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Category: gay (page 1 of 7)

Gayspotting & the Gaga Doctrine

Mark Simpson feels the gay bumps and lumps that betray the ‘gay brain’

Everyone loves Spotting The Gay. It’s a fun game the whole family can play.

Scientists seem to love it too. There have been a number of studies in the last decade or so that claim to demonstrate that ‘gaydar’ – the name implying microwave-accuracy we like to give to gut-instinct gayspotting – exists.

Though the results are not exactly stunning: only a bit better than chance, even after excluding bisexuality and pretending the world is neatly and helpfully divided half and half into heteros and homos. 10% more than chance is certainly ‘statistically significant’ in a laboratory, but not really the kind of accuracy you would trust to land your jumbo jet.

In fact, a series of intriguing recent studies by William Cox and his colleagues at the University of Wisconsin-Madison have suggested that even that accuracy, modest as it is, has been massively overestimated because a major flaw in the mathematics of previous research. Given the low incidence of homosexuality in the general population, 60% accuracy in the laboratory where subjects are 50% gay/straight translates into 93% inaccuracy in a real world in which 95% of the population are straight.

You really wouldn’t want ‘gaydar’ anywhere near Air Traffic Control.

Moreover, their research claims to debunk the whole concept of gaydar as nothing more than a legitimising myth for stereotyping. They argue that stereotyping is not, in general, an accurate way to judge sexuality and showed the more you validate the stereotyping the more people jump to conclusions.

Participants in one of their studies were asked to judge whether men were gay or straight based on whether they had interests that related to gay stereotypes, like fashion, shopping or theatre. Others had interests related to straight stereotypes, like sports, hunting or cars. Those who were told gaydar is real stereotyped much more than the control group and participants stereotyped much less when they had been told that gaydar is just another term for stereotyping.

I’d add here that in a sense inaccuracy is the point of ‘gaydar’. The ‘false positives’ are what it’s really targeting – it’s a system of surveillance. Gay stereotypes, particularly in regard to male homosexuality, are not so much aimed at gays, as at men in general – gayspotting is actually about spotting and discouraging male gender non-conformity. That 60% ‘accuracy’ claimed in previous studies means that for every 100 people, there will be 38 straight men incorrectly labelled gay, but only three gay people correctly labelled. Result!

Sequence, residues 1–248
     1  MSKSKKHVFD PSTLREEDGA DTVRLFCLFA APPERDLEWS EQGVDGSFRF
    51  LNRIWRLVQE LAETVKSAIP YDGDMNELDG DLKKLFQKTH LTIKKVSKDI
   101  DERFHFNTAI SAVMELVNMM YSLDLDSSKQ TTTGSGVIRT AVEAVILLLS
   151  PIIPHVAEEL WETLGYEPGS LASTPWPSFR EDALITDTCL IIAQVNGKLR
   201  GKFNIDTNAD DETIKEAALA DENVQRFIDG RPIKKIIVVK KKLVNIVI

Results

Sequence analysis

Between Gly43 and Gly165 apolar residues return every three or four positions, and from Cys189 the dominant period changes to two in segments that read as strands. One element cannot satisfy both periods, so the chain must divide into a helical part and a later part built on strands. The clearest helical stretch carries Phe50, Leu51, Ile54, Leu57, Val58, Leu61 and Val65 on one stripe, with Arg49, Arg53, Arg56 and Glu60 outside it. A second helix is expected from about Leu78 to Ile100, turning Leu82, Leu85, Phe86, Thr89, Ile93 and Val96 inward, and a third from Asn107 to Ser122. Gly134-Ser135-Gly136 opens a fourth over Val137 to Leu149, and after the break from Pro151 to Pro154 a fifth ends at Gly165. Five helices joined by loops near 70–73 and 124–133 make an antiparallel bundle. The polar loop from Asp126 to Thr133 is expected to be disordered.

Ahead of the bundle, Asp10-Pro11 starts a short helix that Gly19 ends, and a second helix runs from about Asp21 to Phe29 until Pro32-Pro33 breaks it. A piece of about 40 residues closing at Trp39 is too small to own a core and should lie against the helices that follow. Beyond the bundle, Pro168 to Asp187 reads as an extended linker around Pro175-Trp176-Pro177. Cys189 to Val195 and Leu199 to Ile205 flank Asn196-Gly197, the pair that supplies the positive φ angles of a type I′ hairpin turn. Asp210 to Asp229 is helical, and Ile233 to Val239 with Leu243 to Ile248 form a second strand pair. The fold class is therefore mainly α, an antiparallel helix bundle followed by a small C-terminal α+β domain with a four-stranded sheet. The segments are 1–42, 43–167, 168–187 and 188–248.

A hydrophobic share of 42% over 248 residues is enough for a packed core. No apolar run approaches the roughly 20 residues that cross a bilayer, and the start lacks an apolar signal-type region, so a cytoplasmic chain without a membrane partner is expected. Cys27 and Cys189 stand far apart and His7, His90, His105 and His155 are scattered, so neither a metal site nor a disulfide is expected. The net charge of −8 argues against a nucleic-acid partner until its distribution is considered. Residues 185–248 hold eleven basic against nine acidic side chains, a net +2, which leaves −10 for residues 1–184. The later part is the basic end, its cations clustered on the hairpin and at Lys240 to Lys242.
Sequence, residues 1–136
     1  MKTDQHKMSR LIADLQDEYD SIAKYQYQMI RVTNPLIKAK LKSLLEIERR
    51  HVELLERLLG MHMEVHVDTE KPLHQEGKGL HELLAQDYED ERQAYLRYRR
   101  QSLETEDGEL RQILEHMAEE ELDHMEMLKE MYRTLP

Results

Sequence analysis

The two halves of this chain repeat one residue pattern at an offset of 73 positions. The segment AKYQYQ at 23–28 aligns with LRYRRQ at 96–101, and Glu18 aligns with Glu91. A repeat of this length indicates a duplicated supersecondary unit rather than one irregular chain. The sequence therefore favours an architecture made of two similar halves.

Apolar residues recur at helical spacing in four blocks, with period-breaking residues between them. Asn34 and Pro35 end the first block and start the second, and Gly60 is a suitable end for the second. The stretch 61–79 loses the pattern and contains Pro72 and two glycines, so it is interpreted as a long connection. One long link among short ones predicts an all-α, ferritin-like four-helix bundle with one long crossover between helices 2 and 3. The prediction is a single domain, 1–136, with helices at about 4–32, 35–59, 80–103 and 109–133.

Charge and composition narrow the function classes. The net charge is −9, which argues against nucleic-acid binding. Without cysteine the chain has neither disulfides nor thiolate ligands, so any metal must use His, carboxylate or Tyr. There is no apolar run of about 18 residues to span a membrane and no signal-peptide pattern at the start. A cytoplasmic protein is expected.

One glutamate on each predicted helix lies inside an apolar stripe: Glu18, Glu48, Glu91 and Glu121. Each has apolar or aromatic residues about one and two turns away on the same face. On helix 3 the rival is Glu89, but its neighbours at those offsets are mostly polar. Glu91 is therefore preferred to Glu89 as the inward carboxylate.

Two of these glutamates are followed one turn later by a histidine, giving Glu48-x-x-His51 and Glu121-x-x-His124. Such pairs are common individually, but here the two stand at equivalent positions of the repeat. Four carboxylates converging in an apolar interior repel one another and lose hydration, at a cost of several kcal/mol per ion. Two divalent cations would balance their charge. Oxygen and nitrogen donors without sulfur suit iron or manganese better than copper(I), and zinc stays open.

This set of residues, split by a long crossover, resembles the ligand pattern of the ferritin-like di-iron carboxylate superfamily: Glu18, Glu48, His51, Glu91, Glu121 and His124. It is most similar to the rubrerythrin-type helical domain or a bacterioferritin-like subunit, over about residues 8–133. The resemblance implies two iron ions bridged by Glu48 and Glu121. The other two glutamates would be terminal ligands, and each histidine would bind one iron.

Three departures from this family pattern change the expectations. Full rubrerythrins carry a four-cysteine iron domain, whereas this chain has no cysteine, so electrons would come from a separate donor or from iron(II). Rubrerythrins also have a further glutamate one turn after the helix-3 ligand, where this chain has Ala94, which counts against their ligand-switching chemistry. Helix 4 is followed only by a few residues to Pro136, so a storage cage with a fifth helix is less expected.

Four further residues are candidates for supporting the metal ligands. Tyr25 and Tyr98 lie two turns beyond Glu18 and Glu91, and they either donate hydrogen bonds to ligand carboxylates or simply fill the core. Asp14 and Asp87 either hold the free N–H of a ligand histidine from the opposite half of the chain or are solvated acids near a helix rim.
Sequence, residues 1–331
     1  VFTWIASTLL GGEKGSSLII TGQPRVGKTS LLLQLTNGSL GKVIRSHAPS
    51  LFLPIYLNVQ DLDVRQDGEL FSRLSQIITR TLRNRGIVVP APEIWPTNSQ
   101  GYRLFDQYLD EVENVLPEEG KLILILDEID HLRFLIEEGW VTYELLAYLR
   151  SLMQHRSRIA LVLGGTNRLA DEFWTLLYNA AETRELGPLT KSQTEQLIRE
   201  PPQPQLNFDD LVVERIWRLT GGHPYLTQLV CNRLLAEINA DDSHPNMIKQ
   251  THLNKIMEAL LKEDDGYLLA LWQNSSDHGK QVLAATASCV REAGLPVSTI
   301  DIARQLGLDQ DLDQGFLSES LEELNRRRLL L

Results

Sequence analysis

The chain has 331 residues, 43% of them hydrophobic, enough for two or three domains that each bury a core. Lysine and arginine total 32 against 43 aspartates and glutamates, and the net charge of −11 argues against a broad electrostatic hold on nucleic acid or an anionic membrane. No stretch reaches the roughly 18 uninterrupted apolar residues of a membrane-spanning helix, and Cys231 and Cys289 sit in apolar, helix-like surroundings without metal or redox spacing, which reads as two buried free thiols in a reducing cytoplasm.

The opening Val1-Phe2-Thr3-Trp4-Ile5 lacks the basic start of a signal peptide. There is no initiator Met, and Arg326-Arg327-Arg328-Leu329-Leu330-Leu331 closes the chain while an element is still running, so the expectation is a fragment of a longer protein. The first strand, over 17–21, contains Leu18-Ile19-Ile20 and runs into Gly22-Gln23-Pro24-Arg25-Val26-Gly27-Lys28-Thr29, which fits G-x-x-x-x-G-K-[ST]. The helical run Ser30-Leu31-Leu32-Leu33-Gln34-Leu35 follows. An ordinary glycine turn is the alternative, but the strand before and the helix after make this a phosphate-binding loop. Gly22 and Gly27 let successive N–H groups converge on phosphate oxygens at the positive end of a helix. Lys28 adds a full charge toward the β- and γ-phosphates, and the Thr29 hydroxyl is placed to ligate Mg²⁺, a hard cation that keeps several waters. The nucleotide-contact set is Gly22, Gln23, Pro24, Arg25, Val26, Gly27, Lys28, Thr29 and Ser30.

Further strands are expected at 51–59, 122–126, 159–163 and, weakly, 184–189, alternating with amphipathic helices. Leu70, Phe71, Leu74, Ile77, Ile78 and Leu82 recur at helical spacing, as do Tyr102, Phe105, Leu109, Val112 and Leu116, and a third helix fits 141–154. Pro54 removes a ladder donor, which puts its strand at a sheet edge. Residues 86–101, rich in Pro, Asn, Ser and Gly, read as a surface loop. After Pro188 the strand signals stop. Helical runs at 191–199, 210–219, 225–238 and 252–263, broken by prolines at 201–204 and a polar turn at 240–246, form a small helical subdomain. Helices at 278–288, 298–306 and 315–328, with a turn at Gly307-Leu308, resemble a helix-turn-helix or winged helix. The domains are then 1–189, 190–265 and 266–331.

Cox et al conducted another, slightly hair-raising experiment to show how stereotypes work. They had participants administer electric shocks to a male subject in the other room: ‘Participants learned only one thing about this other person, either that he was gay or simply liked shopping.’

Prejudiced people tended to refrain from shocking the man who was confirmed as gay, but delivered extremely high levels of shocks to the man who liked shopping. The researchers conclude that this experiment shows how stereotyping can give people opportunities to express prejudices without fear of reprisal. You can imagine them explaining: But, but… I didn’t electrocute The Gay!.

I would go further. I would say that it indicates how non-gay men who like things that are ‘gay’ are nowadays frequently safer targets for prejudice than (out) gay men – and as I say, homophobia, while particularly bad of course for gay men, is mostly about controlling the behaviour of non-homo men, of which there are a much larger number. So Cox et al’s shocking experiment was in effect a study in (American) metrophobia – I’m gonna fry that metrosexual faggot!

It’s not just straight people who like stereotypes, however. Gays can be even keener on gayspotting, and even more convinced of their unerring accuracy. Especially if the subject is hot or famous. And if they’re both then, my dear, there’s no question. Sometimes it almost looks like a re-enactment of their own childhood – though this time around they’re the ones shouting GAY!! (See much of Perez Hilton’s career.) Though in tests, les-gays, for all their skill at reading ‘gayness’ are only marginally better than straight people at gayspotting. Which is to say, only slightly less rubbish.